We heard last week that the Bank of England was going to raise interest rates to slow down the apparently runaway housing market (it didn't), and we hear predictions this week of a market crash all on its own anyway. Many of these doomsters were saying the same about the stock market back in 2000 - that they had said it every year since 1995 is quietly ignored. Indeed, if their pedigree in the stock market is to be taken on board, houses ought to more than double before falling back 30 per cent. Frankly I doubt either will happen.
Houses exert a peculiar grip over the UK population, and not just because every TV channel appears to have at least one property-related show on every night of the week. Indeed, you could argue that housing in the UK fills the role the stock market does in the US. And this makes a lot of sense. For in the UK, houses are, in effect, people's pensions.
When you cease earning, if you don't own your own home, you have to have another asset that will pay you a sufficient income to rent one. Here we start to see the attraction of housing. First of all, the imputed income from owning your own home is tax free. The alternative - income from another asset to pay rent - would be taxed. Every increase in tax makes this a more valuable tax break. The second advantage is the relatively "fixed" nature of mortgage repayments. Leaving aside changes in interest rates for a moment, the imputed rent paid out to the mortgage does not rise with inflation. This is probably the key "common sense" reason most people want to buy rather than rent. Third is the attraction of gearing or leverage. While annual interest rates are below expected capital gain, the sums are wonderful. A 10 per cent gain on £50,000 is £5,000 (assuming it's tax free, which of course it wouldn't be). But put that £50,000 down as a 20 per cent deposit on a £250,000 flat, and your 10 per cent gain translates into £25,000. Allowing a 5 per cent cost of borrowing on the mortgage, your gain is still £15,000: three times what it would have been.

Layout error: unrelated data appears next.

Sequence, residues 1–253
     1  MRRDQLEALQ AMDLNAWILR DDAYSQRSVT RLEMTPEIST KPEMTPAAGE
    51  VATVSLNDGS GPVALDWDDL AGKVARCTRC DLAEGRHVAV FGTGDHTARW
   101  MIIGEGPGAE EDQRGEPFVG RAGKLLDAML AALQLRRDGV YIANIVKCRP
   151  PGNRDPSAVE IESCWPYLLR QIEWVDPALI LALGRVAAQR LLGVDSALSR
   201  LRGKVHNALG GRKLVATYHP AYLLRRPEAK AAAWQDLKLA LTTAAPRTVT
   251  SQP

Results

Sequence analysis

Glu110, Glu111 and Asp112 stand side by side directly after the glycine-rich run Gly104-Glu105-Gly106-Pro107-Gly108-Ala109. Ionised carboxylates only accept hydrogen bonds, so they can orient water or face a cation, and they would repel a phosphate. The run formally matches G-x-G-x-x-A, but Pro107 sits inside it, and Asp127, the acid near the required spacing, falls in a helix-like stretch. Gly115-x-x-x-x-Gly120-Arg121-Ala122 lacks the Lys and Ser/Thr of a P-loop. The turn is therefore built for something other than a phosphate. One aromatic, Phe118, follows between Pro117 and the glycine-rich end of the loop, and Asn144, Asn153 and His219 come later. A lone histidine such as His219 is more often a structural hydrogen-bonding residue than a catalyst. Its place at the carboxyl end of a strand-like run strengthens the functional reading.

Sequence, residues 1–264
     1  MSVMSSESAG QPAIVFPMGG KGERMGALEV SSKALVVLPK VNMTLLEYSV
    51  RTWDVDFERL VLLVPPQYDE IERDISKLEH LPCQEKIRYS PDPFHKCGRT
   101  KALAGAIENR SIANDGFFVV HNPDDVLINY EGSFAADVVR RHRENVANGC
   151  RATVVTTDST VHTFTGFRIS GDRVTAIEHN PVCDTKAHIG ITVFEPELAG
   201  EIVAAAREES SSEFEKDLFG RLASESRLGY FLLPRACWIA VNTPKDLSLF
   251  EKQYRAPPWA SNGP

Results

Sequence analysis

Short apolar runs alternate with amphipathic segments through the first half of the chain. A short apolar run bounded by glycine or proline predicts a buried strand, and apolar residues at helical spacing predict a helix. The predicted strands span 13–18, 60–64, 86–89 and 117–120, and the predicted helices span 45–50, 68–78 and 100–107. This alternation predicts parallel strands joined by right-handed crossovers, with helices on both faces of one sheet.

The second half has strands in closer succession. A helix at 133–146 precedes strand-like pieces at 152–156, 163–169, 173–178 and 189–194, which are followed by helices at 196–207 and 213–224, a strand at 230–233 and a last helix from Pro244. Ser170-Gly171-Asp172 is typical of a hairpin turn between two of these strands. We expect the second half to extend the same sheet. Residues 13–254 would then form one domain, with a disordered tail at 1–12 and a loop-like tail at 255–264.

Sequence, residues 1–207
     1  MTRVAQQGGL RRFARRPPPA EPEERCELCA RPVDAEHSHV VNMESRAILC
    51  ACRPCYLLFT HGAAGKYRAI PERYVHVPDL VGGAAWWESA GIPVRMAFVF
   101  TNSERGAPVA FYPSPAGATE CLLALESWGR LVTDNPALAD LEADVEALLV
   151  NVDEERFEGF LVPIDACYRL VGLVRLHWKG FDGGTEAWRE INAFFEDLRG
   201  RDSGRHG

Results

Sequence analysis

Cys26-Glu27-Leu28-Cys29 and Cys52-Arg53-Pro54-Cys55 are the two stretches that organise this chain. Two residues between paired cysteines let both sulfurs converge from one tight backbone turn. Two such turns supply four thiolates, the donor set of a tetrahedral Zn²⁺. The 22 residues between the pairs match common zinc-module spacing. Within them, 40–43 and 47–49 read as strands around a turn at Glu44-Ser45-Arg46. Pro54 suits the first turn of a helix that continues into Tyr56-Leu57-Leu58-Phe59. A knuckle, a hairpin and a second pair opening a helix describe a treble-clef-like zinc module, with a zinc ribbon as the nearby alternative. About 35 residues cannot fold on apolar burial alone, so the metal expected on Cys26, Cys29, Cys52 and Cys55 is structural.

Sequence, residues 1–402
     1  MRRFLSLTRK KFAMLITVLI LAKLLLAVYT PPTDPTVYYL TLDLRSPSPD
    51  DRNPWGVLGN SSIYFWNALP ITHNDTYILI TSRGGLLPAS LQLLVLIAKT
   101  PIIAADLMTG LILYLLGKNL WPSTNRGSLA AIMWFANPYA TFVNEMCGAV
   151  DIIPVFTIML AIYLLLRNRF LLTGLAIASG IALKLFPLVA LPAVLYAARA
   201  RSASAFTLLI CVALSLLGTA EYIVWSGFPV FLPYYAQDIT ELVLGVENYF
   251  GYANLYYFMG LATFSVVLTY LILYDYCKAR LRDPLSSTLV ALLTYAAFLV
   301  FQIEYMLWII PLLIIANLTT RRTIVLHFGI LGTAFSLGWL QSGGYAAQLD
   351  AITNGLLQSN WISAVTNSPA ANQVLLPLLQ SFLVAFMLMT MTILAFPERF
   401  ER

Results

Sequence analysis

The reason the Bank of England should not target the housing market is not only that it would be futile - the level of rates needed to effect a cure would almost certainly kill the patient - but that it is the wrong thing to do. It is an asset price and reflects the balance of the required and expected returns of investors. Looked at in this light, saying that house prices should be brought down to enable first-time buyers to "get on the ladder" is as ridiculous as saying the Government should engineer a crash in the equity market so that we can all buy shares yielding 10 per cent. Never mind the capital loss to the existing owners; never mind that the fall in collateral would trigger a credit crunch in the financial sector; never mind that a huge cash-flow strain would be put on those homeowners with mortgages through our ridiculous mortgage system.
For most people, housing is the only investment that makes sense. It offers a leveraged play on underlying economic growth, is free of capital gains tax, provides a tax-free imputed income, and has limited downside risk. Buy-to-let is taking it one stage further. Just as we had the cult of the equity in the 1960s, so we are moving to the cult of housing.
Mark Tinker is a director of Execution Stockbrokers. Mark.Tinker@executionlimited.comReuse content